Nurse Innovator Spotlight: Compassionate Care On-Demand
It was a chance encounter at a startup event for business and tech entrepreneurs—there two nurses crossed paths. “It was just startup people. But then I saw her and was like ‘wait, there's another nurse here!’” Jasmine Bhatti, PhD(c), MS, RN recalls running into Ayan Said, MSN, RN, back in 2019. That was the start of a partnership that would transform their personal lives and the nursing profession.
We continue to spotlight the incredible people behind the nurse-led projects funded by the American Nurses Foundation’s Reimagining Nursing Initiative. This month’s spotlight is on two nurse innovators with one goal: for every hospitalized patient to transition home with a skilled nurse without worrying about how to pay for it.
Bhatti and Said both worked at Mayo Clinic, but there weren’t many opportunities for them to get to know each other prior to coincidentally connecting at the 2019 Phoenix Startup Week. There they spoke about their passions and what brought them to the event. “You obviously want to step outside of the hospital,” Bhatti remembers telling Said. “You have an entrepreneurial spirit. That’s why you’re here.”
Drawing on their experience in hospital settings, they developed an idea that would make discharging hospitalized patients easier on staff and patients, alike. Bhatti originally recognized that discharged patients would often call back the same day with questions about after-care instructions. Bhatti who worked as a charge nurse recalls that’s some patients—even before leaving the hospital—would ask nurses to come home with them.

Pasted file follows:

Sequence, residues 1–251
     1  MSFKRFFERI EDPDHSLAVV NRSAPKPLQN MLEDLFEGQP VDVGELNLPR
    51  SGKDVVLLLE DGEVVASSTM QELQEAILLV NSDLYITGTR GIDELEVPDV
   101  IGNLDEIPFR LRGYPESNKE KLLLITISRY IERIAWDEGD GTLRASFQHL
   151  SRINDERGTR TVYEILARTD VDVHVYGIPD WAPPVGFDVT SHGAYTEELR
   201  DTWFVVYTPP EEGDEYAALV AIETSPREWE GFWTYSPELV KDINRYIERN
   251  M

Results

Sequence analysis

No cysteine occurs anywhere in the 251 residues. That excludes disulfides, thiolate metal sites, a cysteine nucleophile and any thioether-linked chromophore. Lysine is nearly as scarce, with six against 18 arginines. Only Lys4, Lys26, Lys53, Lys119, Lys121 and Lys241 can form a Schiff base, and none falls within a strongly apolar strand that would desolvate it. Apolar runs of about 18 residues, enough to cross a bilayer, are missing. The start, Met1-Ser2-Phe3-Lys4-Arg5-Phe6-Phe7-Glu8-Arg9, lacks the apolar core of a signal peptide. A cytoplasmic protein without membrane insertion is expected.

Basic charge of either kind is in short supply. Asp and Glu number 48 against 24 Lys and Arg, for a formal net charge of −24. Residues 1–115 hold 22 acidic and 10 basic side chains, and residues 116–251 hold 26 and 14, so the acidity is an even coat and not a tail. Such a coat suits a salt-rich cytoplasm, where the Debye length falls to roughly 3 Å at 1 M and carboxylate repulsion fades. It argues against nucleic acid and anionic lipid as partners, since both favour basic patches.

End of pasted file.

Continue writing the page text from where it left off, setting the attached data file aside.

Navi Nurses was born from that observation. Navi uses an on-demand concept that allows people to request and pay for nursing care directly. Navi Nurses meet patients at the hospital and help facilitate the discharge process. So far, Navi Nurses have helped more than 230 patients—providing over 16,000 hours of care. Bhatti and Said were also able to collect data that showed their service helped reduce readmission and medication errors and improved patient outcomes. However, this service is only available to those who can afford to pay for it out-of-pocket.
With funding from the Reimagining Nursing Initiative, their project Compassionate Care On-Demand plans to convince health systems, private insurers, and government payers to make it possible for all patients to access this service.
Compassionate Care On-Demand will allow Navi Nurses to expand its care to patients who have historically been denied the ability to easily access equitable health care. "Jasmine and I are women of color, and so giving back to our communities is always at the top of our minds," Said explains. "But we had to start somewhere, and that meant building a business and then finding opportunities like the Reimagining Nursing Initiative grant. Now, we'll be able to show payer systems what we are doing, so people who can't afford Navi get a chance to experience this type of care."
Bhatti hopes the project can show that this service—when made available to everyone—significantly improves patient outcomes, “especially for people who are typically marginalized or more vulnerable. And if that's the case, then this is the first step we can take towards providing an equal level of care across all people.”
The care model was designed with patients and nurses in mind. They hope to demonstrate their project can be scaled and inspire nurse entrepreneurs to adopt their model. But they aren’t only thinking about future nurses. Their staff have reported less burn out and more job satisfaction. Each of their nurses’ expertise is carefully matched with a patient’s needs, allowing Navi’s nurses to practice under the full scope of their licensure. Additionally, Navi Nurses’ model means nurses pick up shifts when they want. “Not only do they get to pick their schedules, but they get paid really well. The other exciting thing is that we're building a community,” Said shared.
Bhatti and Said agree there is collective power in feeling good about the work you do—and that can inspire nurses to look for opportunities within the profession where they feel fulfilled. The grant will also be used to understand how to retain nurses. Said asserts that “Nurses are valuable, and that's what we are showing.”
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